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Could zero-waste living pave the way to happiness?

I have been cyber-stalking Bea Johnson. (This is what happens when you move across the country and have no life.) Ever since Scotti sent us a link to this Sunset Magazine article about Bea's zero-waste home, I have been digging around for more, more, more! I've read her blog, zerowastehome.blogspot.com from cover to cover. I've found more articles at the NY Times and MSNBC. I'm simply fascinated by her lifestyle. Her family produces almost no garbage, and that includes recycling. And they live in a lovely home and they are all attractive and they summer in France. Dammit. While living completely waste-free is not something I strive for, living a more minimalist lifestyle sounds like a dream. And without turning this into too much of a 'what's life all about?' spiritual post, well, really, isn't that what it all comes down to?

I know that living low-waste is not something that happens overnight. The journey that Renee and I both took getting our garbage down to one can a month took a couple of years. (And, sadly, since moving to Ohio, I've taken many steps backward.) Bea's family (husband and two sons) is united in their efforts to do what they can to keep unnecessary stuff from coming into their lives. Their goal: to be kinder to the planet and to focus on more meaningful living. For them it's all about refusing first, then reduce / reuse / recycle. Her boys don't accept goody bags at parties. She brings all of her own packaging (glass jars and cloth sacks) to the market for everything: meat, cheese, milk, bulk foods, produce, etc. She makes her own cleaning products, yogurt and soy milk. They own a minimal amount of mostly second-hand clothing. She cans tomatoes so they can eat them year-round. While it sounds like it takes enormous effort to live like that, I know from my own watered-down experience that it just becomes a part of your life. It is your life.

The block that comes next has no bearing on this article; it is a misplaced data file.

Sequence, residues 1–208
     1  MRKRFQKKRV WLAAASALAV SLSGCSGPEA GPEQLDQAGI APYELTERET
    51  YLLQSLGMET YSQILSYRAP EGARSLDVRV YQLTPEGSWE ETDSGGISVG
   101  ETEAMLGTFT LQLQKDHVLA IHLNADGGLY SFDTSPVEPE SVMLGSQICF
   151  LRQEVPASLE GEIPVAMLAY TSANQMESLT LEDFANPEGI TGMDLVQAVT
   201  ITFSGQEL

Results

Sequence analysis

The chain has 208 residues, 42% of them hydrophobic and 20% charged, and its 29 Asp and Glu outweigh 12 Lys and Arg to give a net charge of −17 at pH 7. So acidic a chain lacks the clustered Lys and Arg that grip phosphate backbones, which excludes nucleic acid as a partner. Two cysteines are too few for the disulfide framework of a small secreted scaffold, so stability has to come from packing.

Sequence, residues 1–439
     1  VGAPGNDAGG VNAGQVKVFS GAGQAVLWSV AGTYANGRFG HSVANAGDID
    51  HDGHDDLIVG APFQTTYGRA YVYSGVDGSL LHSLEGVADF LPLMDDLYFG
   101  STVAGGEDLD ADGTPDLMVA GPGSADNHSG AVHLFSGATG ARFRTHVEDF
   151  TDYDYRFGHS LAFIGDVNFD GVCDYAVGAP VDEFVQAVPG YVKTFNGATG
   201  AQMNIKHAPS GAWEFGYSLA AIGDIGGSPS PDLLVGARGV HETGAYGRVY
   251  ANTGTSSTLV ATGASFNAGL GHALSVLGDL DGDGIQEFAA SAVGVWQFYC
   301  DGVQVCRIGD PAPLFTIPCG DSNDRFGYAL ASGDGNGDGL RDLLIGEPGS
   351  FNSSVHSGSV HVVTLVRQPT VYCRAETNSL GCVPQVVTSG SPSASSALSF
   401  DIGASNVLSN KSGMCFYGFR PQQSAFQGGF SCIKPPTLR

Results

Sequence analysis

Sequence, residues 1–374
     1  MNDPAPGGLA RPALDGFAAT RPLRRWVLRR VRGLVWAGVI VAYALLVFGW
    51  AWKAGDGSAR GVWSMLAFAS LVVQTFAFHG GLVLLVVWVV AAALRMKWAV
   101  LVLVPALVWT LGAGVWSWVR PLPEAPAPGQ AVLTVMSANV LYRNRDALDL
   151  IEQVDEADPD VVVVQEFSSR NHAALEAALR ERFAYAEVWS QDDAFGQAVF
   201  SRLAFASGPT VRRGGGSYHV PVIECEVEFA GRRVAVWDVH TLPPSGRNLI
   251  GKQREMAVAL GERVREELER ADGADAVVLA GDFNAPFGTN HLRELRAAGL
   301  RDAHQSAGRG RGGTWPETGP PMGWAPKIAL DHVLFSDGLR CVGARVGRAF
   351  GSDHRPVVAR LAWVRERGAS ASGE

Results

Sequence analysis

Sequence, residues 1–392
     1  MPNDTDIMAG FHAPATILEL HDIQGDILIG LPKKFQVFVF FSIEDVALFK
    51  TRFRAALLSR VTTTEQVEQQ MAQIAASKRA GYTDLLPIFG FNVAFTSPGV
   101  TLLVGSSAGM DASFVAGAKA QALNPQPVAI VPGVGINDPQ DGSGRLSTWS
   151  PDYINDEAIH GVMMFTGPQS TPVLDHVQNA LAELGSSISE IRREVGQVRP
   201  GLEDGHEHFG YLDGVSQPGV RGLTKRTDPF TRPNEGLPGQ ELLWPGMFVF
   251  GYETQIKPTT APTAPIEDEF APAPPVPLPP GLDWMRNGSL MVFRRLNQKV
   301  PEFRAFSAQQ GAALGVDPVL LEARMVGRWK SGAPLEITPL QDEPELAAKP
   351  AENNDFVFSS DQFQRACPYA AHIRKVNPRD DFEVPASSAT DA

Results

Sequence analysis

Part of their success comes from educating the people in their lives about their lifestyle. (No different than people who eat a vegetarian diet or live according to religious doctrine.) You wouldn't bring chicken soup to your sick vegan friend, would you? Friends of Bea's hopefully wouldn't bring her take-out in disposable containers, either. I would imagine that eliminating the clutter of day-to-day life forces you to examine the real purpose of it, to embrace it and experience it, rather than trying to simply manage it. (Though what do I know? I spend my days cyber-stalking.)

I find it all inspirational, which is why I'm rambling on about it here. You might, too. I've also been reading the minimalist blog zen habits, which you might enjoy as well. I suppose it's natural to reevaluate your life when you shake it up. Apparently I'm looking for some answers, and I should probably start by looking in the trash.


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